Within the Australian university system, universities do not require students to publish research papers to meet graduation requirements. In other countries, however, many degrees, especially doctorates, have strict requirements on the number of papers and types of journals you are required to publish, e.g. Taiwanese university system. This also varies among schools within universities. Therefore, you should discuss with your supervisor about the publication criteria you must meet to graduate from your degree.
Publishing research papers from your Ph.D., including throughout your candidature, will boost your research profile and increase your chances of employment post Ph.D. Publishing research papers requires a balance between aiming to reach a wide and diverse readership and publishing high quality research in top tier journals. This implies the balance between the quality and quantity of research papers you publish will affect your research profile, especially as an early career researcher looking to remain or thrive in academia.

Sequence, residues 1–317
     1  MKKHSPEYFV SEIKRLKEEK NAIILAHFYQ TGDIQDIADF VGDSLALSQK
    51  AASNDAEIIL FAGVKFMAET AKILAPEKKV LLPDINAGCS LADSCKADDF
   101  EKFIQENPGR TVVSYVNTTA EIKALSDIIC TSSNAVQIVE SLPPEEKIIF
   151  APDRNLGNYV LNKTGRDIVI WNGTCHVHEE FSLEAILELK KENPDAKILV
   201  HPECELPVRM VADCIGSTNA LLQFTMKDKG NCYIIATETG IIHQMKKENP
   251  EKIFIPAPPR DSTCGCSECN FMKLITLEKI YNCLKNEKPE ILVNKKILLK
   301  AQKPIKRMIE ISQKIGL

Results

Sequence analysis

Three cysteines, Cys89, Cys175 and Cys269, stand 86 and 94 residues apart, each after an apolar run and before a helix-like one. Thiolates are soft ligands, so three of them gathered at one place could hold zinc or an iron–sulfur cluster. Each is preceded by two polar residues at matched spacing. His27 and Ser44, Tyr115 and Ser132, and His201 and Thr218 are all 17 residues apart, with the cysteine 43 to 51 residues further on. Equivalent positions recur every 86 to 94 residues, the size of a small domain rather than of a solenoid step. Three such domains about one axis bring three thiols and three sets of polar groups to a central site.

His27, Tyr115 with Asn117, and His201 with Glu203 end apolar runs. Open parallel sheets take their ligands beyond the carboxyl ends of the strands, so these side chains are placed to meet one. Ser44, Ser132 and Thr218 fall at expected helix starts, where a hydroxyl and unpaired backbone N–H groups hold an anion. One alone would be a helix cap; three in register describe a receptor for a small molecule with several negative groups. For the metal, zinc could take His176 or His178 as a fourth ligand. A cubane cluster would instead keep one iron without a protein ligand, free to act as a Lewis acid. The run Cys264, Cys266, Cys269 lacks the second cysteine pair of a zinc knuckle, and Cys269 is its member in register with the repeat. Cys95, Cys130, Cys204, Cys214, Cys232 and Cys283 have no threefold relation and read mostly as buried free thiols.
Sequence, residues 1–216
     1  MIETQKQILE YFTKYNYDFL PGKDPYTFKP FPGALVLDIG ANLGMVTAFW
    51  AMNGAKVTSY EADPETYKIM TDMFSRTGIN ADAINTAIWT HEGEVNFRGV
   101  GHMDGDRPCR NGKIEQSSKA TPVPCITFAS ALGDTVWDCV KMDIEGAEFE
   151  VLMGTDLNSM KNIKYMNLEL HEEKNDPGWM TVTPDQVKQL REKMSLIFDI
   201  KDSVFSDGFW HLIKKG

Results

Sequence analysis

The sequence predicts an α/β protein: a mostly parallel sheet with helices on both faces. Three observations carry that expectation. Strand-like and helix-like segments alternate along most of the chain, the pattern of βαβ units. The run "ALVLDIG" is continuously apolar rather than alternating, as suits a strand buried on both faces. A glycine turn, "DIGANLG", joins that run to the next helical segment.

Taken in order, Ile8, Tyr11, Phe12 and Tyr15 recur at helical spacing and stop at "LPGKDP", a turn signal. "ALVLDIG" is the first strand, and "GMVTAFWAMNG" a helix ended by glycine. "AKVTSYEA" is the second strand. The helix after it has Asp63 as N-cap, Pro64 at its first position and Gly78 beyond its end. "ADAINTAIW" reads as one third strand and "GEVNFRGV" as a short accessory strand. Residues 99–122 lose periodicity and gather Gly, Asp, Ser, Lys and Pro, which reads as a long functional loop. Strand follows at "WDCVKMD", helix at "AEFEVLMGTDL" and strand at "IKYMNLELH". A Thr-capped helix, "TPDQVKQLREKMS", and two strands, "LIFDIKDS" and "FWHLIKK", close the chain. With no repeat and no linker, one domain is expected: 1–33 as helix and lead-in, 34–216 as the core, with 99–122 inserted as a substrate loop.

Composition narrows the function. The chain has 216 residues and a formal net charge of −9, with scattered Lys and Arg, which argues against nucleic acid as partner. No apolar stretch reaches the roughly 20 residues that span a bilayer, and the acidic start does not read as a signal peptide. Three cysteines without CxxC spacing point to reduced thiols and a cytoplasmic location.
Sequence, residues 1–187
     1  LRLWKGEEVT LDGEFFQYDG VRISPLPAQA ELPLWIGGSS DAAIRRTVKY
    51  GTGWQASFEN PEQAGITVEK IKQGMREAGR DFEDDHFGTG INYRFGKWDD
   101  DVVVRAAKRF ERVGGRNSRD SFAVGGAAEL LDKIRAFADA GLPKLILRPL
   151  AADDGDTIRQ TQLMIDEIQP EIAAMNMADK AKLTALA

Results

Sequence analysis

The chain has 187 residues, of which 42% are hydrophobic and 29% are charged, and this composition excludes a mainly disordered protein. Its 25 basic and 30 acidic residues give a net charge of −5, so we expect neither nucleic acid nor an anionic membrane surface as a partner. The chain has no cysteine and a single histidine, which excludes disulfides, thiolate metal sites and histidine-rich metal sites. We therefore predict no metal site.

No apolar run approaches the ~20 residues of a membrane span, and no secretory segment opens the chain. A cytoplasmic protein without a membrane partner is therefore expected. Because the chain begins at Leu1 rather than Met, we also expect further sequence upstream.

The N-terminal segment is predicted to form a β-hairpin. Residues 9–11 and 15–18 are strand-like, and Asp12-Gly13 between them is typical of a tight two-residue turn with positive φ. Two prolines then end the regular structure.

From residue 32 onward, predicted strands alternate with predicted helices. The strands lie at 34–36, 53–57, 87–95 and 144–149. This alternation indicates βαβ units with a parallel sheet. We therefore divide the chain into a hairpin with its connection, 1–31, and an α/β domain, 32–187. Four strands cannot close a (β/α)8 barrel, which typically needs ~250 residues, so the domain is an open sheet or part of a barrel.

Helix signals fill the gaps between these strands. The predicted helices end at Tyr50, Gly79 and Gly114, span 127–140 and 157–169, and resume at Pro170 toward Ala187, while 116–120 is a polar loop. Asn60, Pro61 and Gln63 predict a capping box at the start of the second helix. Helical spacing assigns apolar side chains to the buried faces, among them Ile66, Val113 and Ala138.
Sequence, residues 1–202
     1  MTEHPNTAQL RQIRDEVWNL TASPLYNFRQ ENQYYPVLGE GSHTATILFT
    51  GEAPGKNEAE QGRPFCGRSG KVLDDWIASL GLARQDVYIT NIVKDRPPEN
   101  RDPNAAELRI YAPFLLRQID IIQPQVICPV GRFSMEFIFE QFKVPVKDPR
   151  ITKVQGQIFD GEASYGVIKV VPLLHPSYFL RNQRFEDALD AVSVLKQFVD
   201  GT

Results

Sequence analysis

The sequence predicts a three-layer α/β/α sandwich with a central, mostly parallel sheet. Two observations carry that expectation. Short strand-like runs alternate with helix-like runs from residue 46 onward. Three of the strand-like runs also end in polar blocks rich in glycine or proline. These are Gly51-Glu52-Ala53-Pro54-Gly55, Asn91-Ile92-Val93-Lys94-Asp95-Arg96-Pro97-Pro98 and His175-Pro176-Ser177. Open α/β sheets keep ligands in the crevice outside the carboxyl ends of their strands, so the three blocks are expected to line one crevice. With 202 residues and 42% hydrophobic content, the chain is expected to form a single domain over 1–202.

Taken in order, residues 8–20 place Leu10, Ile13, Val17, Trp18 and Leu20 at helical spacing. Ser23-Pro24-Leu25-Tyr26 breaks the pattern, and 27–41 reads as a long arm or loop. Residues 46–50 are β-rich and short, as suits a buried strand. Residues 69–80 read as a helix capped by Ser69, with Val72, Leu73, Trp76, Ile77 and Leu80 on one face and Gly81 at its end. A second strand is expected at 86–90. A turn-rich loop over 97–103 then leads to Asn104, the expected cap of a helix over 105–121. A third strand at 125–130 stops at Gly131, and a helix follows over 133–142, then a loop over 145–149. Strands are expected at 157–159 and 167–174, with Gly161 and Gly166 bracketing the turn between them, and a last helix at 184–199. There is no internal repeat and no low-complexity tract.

Practical example for Life Sciences
Journals in the life sciences are receptive to and encourage early career researchers, including graduate students, to publish papers. Journals have no bias toward the stage of your career when considering your paper for publication. Therefore, publishing paper during your graduate studies is an effective strategy for boosting your research profile at its early stages.
Practical example for Social Sciences
Your publication track-record is one of the primary metrics used to judge your Ph.D. success but future employers in the research domain. Similarly, for those aiming to pursue a clinically-focussed career, publications in clinical journals can improve employability because they provide peer-reviewed evidence of the applicant’s research acumen.